“I have also included an activity for children in the book to build their safety network, have provided guidelines for parents and caregivers, as well as mental health and legal resources for survivors. It has been the result of years of research, vetting from public health and mental health professionals, and cultural sensitivity testing. I aim to have the book incorporated into school curricula and have it become a driver of discussion in Pakistani households.”
Sana Akbar suggested that if a child opens up about their ordeal, parents or primary caregivers must display empathy, transparency, and the willingness to listen.
“It is important to talk to your children about different feelings and encourage them to identify and share when they feel sad, angry or scared,” she said. “I explain the topic through storytelling during therapy sessions. The response has been quite positive.”
For parents and adults talking to children about sexual abuse and responding to their questions, Akbar suggested that one must be careful about using age-appropriate terms and ways in which the information can be relayed.
“Avoid giving detailed or in-depth information of a sexual nature to young children,” she stressed.
According to Hira Fatima, apart from teaching children about the basics of good touch and bad touch, parents should also take other important measures to keep their children safe from perpetrators.
“I suggest that parents should teach their children some defence strategies in case they experience a bad touch,” she said. “It is also important for parents to maintain a friendly attitude toward children and encourage them to share their daily activities, as well as talk about people they have interacted with."
Fatima also advised that parents should never let their children go to someone’s house alone, not even to a close relative’s place. If a child makes new friends, it is important to meet the friend’s parents and try to know about their family environment. The common practice of sending young children to shops should also be discouraged.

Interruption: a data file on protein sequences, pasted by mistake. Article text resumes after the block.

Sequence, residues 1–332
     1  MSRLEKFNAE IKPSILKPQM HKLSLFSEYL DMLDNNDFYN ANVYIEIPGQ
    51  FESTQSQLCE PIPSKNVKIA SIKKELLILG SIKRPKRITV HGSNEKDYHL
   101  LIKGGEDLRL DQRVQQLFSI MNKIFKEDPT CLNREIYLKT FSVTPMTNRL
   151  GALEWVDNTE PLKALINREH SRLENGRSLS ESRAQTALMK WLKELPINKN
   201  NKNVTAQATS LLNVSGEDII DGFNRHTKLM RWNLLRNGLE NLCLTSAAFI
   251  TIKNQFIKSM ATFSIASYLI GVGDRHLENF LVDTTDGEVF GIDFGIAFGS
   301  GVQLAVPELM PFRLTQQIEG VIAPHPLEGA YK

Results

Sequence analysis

Warning signs to watch
If a child does not open up about their experiences of sexual abuse, there are telltale signs that they might exhibit, indicating that something is not right.
“Look out for unexplained bruising or bleeding on a child’s body,” Hira Fatima said. “Child victims of sexual abuse could also be seen touching their private parts or using sexually explicit words and phrases.”
Other signs include bedwetting, refusal to interact with a particular adult or an unusual attachment with them, performing inappropriate sexual acts with their toys and dolls, and experiencing frequent nightmares, among others.
The role of schools
Ensuring the safety of children is not only the duty of parents but given the increasing number of sexual abuse cases in the country, schools should also actively educate children about the issue.
“Ideally, schools should arrange workshops to teach both teachers and parents about child sexual abuse,” Fatima said. “Unfortunately, most schools in Pakistan hesitate from openly discussing such topics because of the stigma attached to abuse victims as well as possible backlash from parents and guardians.”
She added that society shows a lot of anger and remorse when child rape cases make headlines, but when it comes to finding solutions, no one seems to be ready for that.
“As a child psychologist, I urge parents and teachers to take child sexual abuse seriously and play their role effectively in preventing this horrendous crime before it is too late."
*Name of survivor concealed to protect identity.